LOSERS: The officials at Tennessee-Vanderbilt. We want to be kind to college football officials, who have a thankless job we would never, ever volunteer for ourselves. But kindness only extends so far, and it doesn't extend past the phenomenal botch-job in the first overtime of 'Dores-Vols. If you missed it: Rodgers threw an interception to Eric Gordon, who returned it for an apparent game-winning touchdown. But Gordon was whistled down by the line judge, even with replay showing he wasn't close to having his knee down. Unfortunately for the Vols, that play isn't reviewable ... except that the officials reviewed it anyway under the pretense of checking if the whistle blew. And even though it did, the call was overturned anyway. It's not just us saying this either--the official SEC response confirms that the call was butchered six ways from Sunday.
To be fair, the officials eventually arrived at the right call; Tennessee won the game fair-and-square on Gordon's play. But that it took two dreadful wrongs to get there was an embarrassment.
WINNER: Blair Walsh. Sure, the longest of his four field goals vs. Kentucky was just 39 yards. But Walsh has been so erratic this season -- just 13-of-23 coming into this game --that Georgia will take four routine makes in a heartbeat. The Dawgs won't feel better about their chances of winning the SEC after their outing today, but a Walsh with his head screwed on correctly will be a big positive nonetheless.
LOSER: Will Muschamp's defensive reputation. The transition from Urban Meyer's spread looks to Charlie Weis's pro-style schemes was always going to be a problem for the Gators. But with the bevy of athletes at their disposal in the front seven, Muschamp's coaching acumen, and a defense that ranked ninth in the country in total defense a year ago, the Florida defense shouldn't have taken that much of step back, right? Statistically, they haven't; entering this week, the Gators were still 11th in the FBS. But Muschamp's and coordinator Dan Quinn's defense has had a few notable lapses this season, maybe none bigger than somehow allowing Furman 446 yards and 32 points. Motivation couldn't have been easy to come by, but that's simply not the sort of defensive numbers put up by a top-notch SEC defense.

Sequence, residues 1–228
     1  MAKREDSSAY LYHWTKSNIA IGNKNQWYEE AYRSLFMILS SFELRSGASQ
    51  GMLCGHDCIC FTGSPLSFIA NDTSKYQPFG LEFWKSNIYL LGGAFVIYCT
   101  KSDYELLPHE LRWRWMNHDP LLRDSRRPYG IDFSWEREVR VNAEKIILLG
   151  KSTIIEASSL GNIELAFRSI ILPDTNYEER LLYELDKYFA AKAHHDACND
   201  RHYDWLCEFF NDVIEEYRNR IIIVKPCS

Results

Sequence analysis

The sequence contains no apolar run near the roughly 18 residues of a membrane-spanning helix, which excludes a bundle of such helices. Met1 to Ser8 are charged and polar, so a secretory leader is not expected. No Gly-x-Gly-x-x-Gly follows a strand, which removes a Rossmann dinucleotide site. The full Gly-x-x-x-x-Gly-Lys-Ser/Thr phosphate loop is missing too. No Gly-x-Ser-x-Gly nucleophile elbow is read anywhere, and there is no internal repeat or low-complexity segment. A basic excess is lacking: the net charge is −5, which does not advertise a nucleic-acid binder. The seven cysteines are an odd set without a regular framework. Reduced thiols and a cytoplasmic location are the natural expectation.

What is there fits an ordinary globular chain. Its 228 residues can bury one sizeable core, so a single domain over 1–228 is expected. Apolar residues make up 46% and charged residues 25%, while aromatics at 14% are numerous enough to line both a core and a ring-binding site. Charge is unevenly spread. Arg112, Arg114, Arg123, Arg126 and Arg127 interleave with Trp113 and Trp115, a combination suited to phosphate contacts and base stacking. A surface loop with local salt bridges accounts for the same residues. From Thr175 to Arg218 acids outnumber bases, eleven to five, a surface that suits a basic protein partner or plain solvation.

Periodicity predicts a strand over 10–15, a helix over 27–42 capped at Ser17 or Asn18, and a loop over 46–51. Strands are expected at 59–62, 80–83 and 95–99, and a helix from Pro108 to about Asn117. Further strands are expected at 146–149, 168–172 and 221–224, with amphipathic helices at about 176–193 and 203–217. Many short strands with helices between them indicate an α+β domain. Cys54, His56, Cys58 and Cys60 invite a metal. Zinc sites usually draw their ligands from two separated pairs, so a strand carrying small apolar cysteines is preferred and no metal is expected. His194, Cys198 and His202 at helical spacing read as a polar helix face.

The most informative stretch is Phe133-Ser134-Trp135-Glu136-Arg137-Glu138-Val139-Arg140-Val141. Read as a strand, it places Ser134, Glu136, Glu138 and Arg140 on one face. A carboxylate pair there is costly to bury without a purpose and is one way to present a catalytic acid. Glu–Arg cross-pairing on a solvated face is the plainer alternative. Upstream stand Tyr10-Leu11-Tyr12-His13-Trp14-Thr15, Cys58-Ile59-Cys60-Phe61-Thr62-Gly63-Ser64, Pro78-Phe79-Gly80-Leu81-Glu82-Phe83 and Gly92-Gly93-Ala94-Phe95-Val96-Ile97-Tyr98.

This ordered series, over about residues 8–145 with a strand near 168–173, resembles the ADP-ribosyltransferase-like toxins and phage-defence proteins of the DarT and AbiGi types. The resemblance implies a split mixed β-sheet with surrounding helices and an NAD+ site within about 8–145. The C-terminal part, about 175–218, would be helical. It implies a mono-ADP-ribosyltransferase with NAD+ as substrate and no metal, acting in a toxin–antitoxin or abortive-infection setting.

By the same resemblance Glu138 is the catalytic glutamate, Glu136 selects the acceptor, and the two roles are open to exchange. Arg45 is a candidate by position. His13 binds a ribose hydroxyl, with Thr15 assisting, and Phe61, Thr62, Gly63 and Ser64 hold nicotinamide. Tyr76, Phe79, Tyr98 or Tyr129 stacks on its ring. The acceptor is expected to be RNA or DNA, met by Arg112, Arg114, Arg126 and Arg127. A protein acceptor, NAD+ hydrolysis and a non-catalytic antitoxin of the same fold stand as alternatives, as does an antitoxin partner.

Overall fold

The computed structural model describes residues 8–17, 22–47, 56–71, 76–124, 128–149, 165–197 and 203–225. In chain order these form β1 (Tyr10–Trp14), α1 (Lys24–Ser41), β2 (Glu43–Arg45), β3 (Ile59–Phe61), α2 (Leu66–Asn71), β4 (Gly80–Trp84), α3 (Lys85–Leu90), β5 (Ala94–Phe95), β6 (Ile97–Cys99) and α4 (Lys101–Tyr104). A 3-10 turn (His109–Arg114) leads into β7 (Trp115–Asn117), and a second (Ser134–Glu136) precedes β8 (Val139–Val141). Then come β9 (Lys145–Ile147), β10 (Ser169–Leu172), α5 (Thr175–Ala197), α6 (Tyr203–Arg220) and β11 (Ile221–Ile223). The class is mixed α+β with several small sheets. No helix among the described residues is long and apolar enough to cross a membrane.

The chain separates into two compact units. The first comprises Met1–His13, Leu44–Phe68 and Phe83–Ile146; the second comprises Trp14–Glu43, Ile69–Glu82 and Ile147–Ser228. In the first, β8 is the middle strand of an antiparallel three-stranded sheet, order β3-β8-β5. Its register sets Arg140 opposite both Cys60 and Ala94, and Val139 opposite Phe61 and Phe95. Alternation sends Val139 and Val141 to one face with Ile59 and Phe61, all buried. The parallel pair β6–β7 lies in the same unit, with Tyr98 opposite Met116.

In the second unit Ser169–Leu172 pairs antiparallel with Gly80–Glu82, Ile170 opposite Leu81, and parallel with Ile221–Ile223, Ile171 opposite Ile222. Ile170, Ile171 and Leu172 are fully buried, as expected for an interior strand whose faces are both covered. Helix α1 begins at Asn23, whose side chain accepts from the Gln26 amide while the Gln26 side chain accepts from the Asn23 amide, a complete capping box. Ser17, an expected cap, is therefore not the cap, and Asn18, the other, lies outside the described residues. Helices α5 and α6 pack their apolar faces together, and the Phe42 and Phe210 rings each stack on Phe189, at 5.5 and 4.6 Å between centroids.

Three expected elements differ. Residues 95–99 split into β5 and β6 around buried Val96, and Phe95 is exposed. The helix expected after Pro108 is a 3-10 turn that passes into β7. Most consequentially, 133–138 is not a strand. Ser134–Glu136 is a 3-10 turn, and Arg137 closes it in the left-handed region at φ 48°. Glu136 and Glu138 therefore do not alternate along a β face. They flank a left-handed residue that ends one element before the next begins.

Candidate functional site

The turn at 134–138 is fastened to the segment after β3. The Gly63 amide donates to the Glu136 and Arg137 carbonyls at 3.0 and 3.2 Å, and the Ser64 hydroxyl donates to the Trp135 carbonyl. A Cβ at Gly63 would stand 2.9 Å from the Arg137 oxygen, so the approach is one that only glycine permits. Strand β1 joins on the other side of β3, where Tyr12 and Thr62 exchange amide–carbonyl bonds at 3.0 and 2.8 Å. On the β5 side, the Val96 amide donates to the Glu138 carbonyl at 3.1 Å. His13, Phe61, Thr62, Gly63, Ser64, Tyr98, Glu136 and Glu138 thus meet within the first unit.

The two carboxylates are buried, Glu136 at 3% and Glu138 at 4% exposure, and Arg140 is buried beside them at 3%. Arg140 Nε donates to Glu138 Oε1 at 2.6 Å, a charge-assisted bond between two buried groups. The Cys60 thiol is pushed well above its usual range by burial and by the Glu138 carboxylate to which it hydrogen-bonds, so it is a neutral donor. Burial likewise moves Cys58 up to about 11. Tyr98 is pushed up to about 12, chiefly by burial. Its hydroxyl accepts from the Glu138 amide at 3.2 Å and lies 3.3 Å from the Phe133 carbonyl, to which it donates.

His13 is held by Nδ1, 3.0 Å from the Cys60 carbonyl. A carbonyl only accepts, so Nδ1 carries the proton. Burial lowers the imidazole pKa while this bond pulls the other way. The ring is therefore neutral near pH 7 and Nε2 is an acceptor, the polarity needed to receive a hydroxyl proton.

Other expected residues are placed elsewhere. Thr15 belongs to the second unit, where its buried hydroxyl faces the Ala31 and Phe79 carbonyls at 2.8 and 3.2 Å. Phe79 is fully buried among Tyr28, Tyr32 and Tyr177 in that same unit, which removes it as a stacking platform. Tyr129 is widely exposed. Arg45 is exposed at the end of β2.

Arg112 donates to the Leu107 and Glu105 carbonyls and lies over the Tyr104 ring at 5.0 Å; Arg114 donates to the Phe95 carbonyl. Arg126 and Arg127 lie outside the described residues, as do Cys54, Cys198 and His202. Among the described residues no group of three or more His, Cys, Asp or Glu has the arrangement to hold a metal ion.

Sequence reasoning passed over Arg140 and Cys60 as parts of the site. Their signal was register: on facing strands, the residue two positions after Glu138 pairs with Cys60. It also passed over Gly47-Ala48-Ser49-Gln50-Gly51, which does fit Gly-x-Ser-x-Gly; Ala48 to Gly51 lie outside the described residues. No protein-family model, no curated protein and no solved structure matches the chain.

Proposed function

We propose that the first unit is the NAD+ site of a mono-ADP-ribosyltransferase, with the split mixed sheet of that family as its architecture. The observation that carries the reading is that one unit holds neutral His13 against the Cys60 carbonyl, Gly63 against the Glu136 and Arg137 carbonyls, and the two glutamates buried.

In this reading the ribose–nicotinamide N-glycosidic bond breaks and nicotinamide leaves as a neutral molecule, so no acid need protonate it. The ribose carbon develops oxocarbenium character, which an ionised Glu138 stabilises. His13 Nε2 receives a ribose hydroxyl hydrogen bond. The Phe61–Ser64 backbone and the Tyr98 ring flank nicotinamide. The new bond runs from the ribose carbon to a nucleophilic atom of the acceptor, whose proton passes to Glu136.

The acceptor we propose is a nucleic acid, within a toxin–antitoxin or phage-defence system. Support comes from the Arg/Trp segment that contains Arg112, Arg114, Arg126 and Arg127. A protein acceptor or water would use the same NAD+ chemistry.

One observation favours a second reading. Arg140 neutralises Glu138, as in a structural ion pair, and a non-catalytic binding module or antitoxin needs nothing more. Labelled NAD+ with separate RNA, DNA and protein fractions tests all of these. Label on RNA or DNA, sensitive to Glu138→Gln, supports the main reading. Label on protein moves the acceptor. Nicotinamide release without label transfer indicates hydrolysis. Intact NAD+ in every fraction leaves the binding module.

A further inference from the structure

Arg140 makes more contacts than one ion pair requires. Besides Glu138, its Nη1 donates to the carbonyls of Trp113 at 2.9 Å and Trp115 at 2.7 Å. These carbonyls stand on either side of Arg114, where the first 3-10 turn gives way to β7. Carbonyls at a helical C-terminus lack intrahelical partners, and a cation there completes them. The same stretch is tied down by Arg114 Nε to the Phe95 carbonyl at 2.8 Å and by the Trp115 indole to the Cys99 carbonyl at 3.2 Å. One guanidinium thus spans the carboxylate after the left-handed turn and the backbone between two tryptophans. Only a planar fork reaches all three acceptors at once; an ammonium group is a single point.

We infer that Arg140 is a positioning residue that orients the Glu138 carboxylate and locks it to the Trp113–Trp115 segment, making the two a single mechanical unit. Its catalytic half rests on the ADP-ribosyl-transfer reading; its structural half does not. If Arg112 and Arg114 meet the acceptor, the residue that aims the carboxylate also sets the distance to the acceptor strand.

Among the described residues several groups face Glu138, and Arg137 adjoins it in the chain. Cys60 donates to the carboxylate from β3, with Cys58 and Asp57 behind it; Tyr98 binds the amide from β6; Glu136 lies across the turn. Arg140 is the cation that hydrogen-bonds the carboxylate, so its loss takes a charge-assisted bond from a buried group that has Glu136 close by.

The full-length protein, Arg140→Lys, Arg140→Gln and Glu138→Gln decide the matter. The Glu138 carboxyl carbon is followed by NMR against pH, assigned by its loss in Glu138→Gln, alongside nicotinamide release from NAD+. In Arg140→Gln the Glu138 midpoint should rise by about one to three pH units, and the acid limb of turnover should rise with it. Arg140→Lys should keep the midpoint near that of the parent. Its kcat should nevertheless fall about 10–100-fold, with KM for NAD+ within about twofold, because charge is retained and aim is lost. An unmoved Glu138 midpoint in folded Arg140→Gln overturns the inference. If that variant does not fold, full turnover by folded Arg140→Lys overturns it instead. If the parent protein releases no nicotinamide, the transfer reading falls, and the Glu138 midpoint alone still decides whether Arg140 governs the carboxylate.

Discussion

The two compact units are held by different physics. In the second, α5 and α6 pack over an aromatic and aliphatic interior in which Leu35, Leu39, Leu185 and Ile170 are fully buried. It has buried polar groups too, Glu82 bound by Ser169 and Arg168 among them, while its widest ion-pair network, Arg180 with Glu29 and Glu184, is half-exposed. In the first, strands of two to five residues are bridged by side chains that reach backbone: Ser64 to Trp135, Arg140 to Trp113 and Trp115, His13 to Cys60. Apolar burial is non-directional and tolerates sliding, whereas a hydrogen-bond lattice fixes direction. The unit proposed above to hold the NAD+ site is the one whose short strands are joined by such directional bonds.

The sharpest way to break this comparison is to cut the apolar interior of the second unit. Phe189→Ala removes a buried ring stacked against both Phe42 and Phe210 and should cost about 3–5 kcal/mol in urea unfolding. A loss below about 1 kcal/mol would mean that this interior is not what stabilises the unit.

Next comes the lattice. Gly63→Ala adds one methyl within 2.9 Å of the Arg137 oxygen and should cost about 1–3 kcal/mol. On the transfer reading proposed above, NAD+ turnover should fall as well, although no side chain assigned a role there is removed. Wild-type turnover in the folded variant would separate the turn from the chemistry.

Tags: Alabama, Arkansas, Auburn, Blair Walsh, Charlie Weis, Da'Rick Rogers, Dan Quinn, Eric Gordon, Florida, Furman, Georgia, Jordan Rodgers, Kentucky, LSU, Oklahoma, Oregon, Samford, SEC, SEC Winners and Losers, South Carolina, Tauren Poole, Tennessee, the Citadel, Tyler Bray, Urban Meyer, USC, Vanderbilt, Will Muschamp, Winners and Losers
Posted on: November 13, 2010 2:14 pm
Edited on: November 13, 2010 2:32 pm
Posted by Jerry Hinnen
Jeremiah Masoli was listed as an injury question mark all week after a head injury suffered in last week's win over UL-Lafayette , with the consensus wisdom being that the Rebels wouldn't have much of a chance on the road at Tennessee . So it appeared to be good news for the Rebels when Masoli was cleared to play and took the field in Knoxville.
In practice, though, the Rebels might have been better off simply going with backup Nathan Stanley . Masoli has suffered through a miserable first half, going 6-of-15 for just 72 yards (4.8 yards-per-attempt), rushing for just 15 yards on 6 attempts, and throwing one interception without a touchdown. That interception wasn't your garden-variety pick, either -- it was a horrific duck into the flat that Tennessee's Eric Gordon gratefully plucked with ease and returned 46 yards for a Vol score. Several other makeable quick throws have sailed on him in ugly fashion. A big first half for Rebel running back Branden Bolden (81 yards on 8 carries, two touchdowns) has kept Ole Miss from being run out of Neyland Stadium, but at this point he's the only thing the Ole Miss offense has going for it.
To be fair, Masoli hasn't been the Rebels' only problem; the eminently flammable Rebel secondary has been torched by Tyler Bray (yes, that Tyler Bray, the fencepost-thin true freshman) for 265 yards and three touchdowns. Giving up 24 offensive points in a half to the usually-low-fi Volunteer offense has to be a performance every bit as disappointing for Houston Nutt as his quarterbacks'.
But whether the greater share of blame falls on the defense or Masoli doesn't much matter: either way Tennessee has a 31-14 lead at halftime and barring a total collapse by the thin Volunteer defense, it's going to be the home team taking another critical step towards bowl eligibility.
UPDATE, 1:31 EST: And Masoli begins the second half by throwing another abomination of a pick-six, an easy lob well above his receiver's head and returned 10 yards for the Vol score. 38-14, and the Rebels now appear done.